The premise of Amy and Isabelle is a bit creepy. Sixteen-year-old Amy and her mother Isabelle live alone, Amy’s father having died when she was just a baby. Isabelle is rather reserved and has no social life, but she and Amy have a good relationship. Then Amy begins an affair with her math teacher, and they are caught together by Isabelle’s boss, causing a rift between mother and daughter. The teacher leaves town, but Amy remains convinced he will return for her.
Meanwhile, Isabelle is going through personal issues of her own. The pregnancy of Amy’s friend Stacy dredges up bad feelings for Isabelle, and it becomes obvious that the reason she isn’t close to anyone is because she is unwilling to open up about her past.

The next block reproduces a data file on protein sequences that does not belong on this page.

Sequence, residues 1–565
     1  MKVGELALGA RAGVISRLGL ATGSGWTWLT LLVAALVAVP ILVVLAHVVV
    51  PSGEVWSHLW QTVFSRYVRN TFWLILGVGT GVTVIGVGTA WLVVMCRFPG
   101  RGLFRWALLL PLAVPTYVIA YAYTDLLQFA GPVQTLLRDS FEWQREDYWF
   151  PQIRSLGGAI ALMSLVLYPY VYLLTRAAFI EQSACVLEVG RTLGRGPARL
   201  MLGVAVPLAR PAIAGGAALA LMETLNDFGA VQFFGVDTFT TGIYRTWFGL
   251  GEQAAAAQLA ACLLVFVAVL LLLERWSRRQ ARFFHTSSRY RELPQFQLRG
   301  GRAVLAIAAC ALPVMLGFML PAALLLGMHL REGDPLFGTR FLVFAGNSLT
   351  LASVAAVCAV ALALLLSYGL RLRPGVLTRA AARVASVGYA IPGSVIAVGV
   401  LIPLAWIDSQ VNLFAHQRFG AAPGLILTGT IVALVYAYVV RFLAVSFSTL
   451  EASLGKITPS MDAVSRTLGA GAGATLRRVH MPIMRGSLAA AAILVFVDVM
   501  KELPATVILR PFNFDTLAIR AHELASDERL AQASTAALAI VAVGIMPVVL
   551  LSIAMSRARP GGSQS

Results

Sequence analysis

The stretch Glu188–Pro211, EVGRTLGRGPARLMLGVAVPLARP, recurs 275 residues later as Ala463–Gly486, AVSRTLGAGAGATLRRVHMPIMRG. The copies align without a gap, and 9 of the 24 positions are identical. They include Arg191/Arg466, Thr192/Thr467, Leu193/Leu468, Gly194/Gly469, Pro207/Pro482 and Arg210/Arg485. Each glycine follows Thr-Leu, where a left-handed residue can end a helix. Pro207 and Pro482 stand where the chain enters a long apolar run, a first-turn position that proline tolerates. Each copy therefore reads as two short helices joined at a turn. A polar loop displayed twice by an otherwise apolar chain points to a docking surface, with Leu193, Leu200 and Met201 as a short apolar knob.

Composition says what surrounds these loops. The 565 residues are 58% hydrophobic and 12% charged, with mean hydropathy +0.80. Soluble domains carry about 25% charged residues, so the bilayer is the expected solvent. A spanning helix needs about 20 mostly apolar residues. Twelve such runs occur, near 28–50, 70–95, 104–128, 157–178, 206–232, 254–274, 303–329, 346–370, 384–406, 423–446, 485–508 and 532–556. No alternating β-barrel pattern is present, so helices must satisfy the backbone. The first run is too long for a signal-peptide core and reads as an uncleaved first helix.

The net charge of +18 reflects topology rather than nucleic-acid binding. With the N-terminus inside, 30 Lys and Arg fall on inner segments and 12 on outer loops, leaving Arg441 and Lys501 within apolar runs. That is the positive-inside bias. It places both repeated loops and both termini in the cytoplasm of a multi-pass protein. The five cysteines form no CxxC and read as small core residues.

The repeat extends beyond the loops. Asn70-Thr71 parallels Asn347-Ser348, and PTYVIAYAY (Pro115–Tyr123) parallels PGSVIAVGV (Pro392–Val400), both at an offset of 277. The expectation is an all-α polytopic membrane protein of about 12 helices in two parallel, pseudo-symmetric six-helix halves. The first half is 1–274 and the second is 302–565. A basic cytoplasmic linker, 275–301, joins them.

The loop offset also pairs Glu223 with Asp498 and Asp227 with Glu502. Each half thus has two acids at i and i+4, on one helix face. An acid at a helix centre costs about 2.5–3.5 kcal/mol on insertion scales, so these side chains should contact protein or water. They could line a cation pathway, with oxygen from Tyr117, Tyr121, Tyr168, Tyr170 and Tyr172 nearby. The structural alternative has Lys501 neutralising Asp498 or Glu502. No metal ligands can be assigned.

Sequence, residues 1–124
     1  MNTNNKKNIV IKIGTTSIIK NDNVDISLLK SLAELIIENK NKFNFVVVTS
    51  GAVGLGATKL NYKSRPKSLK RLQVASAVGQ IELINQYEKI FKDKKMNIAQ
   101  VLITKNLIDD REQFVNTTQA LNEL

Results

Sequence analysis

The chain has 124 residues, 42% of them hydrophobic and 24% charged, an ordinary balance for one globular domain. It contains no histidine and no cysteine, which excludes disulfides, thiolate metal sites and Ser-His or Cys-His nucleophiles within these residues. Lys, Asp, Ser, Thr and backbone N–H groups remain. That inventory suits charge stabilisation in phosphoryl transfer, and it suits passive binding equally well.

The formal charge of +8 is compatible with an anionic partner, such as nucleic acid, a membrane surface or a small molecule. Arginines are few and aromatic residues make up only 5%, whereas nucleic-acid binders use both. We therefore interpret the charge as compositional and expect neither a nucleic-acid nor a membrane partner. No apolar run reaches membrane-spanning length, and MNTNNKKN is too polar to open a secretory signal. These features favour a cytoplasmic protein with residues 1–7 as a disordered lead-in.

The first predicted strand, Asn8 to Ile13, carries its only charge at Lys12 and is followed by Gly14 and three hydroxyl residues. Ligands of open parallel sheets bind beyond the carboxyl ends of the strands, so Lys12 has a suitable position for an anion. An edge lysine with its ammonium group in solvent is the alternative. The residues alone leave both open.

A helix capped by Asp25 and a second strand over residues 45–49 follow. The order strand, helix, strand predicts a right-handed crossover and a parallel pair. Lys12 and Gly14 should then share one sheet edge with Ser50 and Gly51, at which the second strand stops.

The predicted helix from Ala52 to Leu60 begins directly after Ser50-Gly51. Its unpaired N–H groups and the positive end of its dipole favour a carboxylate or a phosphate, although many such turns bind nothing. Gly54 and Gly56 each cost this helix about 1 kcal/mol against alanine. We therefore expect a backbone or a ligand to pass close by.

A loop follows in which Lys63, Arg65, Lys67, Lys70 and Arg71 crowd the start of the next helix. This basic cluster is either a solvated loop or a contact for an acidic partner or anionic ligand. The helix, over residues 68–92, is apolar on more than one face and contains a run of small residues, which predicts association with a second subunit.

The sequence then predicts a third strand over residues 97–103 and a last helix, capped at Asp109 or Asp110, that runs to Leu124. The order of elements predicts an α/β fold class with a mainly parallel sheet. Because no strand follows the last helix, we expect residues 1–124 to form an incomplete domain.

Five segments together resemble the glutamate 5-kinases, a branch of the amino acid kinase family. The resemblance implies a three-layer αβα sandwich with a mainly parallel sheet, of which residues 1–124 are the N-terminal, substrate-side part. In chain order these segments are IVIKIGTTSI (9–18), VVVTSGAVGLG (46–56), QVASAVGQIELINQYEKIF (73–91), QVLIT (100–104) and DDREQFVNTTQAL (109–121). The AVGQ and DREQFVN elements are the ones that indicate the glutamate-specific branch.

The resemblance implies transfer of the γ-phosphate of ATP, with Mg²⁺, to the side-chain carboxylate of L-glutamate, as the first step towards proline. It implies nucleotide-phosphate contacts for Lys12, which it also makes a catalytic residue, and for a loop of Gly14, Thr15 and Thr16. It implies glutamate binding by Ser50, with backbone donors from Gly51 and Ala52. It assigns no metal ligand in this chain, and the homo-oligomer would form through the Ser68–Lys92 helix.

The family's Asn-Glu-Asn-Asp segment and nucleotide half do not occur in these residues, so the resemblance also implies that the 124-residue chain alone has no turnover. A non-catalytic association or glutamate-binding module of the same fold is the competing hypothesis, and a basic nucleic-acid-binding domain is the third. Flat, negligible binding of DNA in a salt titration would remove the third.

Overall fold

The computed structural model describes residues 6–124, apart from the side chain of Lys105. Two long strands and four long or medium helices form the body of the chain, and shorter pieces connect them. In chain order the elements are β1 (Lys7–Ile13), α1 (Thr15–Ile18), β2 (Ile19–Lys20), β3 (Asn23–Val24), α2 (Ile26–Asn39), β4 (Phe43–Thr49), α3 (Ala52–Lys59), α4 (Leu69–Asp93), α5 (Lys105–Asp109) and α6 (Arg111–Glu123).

I really liked watching how Amy and Isabelle’s relationship changes throughout the book. There was also an interesting shift of focus - the first part of the story was all about Amy and her illicit relationship and everything she was going through, but then it turns to Isabelle, her romantic history, and her self-imposed isolation. This sort of insight into characters’ personalities is exactly what I loved about Olive Kitteridge, so I really enjoyed going back and reading this older novel.